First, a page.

You know me too well. Actually in the book Emily talks about beating a coconut into submission with a hammer on her hardwood floors so I figured it was best if I stayed away from real coconuts. Watson is beating up my house enough with his claws without me adding to the destruction.

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7 Amanda June 2, 2009 at 12:56 am

I totally would not have eaten coconut cake as a kid. Coconut was too weird! But I love all things coconut now…

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8 Monica H June 2, 2009 at 2:18 am

What a fun and useful book. I love that you’re actually making the recipes too!

This looks great!

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9 dawn June 2, 2009 at 9:29 am

gorgeous gorgeous! love your new look too.

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10 Hänni June 2, 2009 at 10:39 am

Your description of this book was positively delightful.

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11 Tabby Kelliher June 2, 2009 at 10:22 am

Hi Erin,

I love your cooking site! I hate to bake but you have me wanting to cook this cake and to read that book too.

Have a great day :)

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12 kitchenbelle June 2, 2009 at 11:34 am

This book looks fantastic and I would love to own it! Thank you for hosting a contest! :-)

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13 Danielle June 2, 2009 at 11:57 am

Sounds like a fun book. I’ll keep an eye out for it at the store.

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14 jacquie June 2, 2009 at 1:53 pm

yummm. i love coconut and you just don’t see it in a lot of recipes.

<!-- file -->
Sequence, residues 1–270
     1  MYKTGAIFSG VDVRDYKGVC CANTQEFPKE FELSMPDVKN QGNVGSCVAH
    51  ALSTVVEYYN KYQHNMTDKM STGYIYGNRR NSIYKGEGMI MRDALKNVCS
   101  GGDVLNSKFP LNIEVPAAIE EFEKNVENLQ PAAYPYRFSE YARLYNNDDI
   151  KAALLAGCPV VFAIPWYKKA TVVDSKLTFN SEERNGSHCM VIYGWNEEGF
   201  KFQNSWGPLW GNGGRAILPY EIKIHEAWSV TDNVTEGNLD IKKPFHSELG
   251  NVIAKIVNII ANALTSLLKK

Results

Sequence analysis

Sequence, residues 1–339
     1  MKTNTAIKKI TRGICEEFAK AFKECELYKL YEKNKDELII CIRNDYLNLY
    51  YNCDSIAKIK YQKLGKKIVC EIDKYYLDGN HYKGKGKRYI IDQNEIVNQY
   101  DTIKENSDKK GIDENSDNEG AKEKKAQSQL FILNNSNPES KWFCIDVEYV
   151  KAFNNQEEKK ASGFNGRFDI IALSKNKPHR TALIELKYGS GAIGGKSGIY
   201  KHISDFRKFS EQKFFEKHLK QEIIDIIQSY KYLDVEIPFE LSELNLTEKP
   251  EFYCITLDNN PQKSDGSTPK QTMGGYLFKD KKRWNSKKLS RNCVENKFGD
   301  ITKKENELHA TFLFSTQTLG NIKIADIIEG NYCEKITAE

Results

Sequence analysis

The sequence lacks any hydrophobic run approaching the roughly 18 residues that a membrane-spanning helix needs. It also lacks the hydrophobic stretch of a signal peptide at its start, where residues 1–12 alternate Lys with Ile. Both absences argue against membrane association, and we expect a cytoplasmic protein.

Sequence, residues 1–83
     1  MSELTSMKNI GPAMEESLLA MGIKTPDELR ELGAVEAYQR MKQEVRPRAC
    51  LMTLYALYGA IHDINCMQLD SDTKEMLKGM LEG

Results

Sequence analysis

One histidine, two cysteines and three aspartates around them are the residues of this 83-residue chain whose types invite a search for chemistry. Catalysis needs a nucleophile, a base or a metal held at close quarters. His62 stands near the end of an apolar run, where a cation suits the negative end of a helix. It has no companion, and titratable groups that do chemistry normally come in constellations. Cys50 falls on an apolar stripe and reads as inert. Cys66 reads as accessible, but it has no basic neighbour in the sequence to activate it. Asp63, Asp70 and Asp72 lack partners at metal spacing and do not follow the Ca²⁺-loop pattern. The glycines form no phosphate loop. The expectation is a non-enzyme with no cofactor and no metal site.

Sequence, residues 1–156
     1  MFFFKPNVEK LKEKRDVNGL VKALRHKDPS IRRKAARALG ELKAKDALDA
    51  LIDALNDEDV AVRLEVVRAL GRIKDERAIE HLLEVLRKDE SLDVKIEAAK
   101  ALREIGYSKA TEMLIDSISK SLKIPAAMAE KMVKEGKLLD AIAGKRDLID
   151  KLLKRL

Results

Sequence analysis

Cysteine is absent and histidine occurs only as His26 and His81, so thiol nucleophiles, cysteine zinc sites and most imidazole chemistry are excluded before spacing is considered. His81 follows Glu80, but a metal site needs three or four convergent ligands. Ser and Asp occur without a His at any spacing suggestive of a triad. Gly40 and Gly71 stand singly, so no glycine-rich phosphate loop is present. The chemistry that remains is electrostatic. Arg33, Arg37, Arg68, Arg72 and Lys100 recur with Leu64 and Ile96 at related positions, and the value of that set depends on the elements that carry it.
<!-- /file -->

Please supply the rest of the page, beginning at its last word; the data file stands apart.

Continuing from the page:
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15 sandy June 2, 2009 at 4:53 pm

my son would love this cake! when he was little i used to call him my coconut baby. :)

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16 Kerstin June 2, 2009 at 7:36 pm

Sounds like a great book! Your cake looks fabulous. I was also a super picky eater growing up, and didn’t start cooking until after college – my mom is amazed I now have a food blog!

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17 Susan June 2, 2009 at 7:49 pm

I still don’t like the stuff I hated growing up; brussel sprouts, any kind of beans, and whole wheat bread. I like coconut bread and cake. I will definitely be trying this.

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18 Olga June 2, 2009 at 10:39 pm

I would love a piece of this cake! looks so delicious!

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19 Jackie @ PhamFatale.com June 3, 2009 at 12:33 am

oh coconut cake is my guilty pleasure. Thanks for the book review, I’ll definitely go and find it at Borders tomorrow.

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20 kristina June 3, 2009 at 7:16 am

I was just looking at this book in the bookstore a few days ago and had the same worry you did: would I be able to relate to it without children of my own? But I’m definitely going to buy a copy now (if the contest entry doesn’t work out!). It sounds wonderful. And the cake looks absolutely gorgeous–yum!

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21 Craving Chronicles June 3, 2009 at 10:17 am

Oh, where was this recipe 2 weeks ago when I needed to make my mom a coconut cake for her birthday?! It sounds divine, and I will be trying it next time I have an excuse :)

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22 Kim Frohnappel June 3, 2009 at 1:53 pm

Mmmmmm. I love a good coconut cake! This one might make hubby happy too.

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23 Elissa June 6, 2009 at 9:59 pm

I’m the biggest coconut fan out of anyone I know and your cake looks stunning Erin as usual! Emily’s book sounds very sweet and I’ll have to check it out :)

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24 Abbey June 8, 2009 at 1:52 am

A random comment to say I am LOVE LOVE LOVING the look of the blog. I’m sure it’s not new, but it’s new to me and it’s AWESOME!!

Now that it’s summer, I’ll be able to come around more. Hooray!

See ya ’round the blogosphere…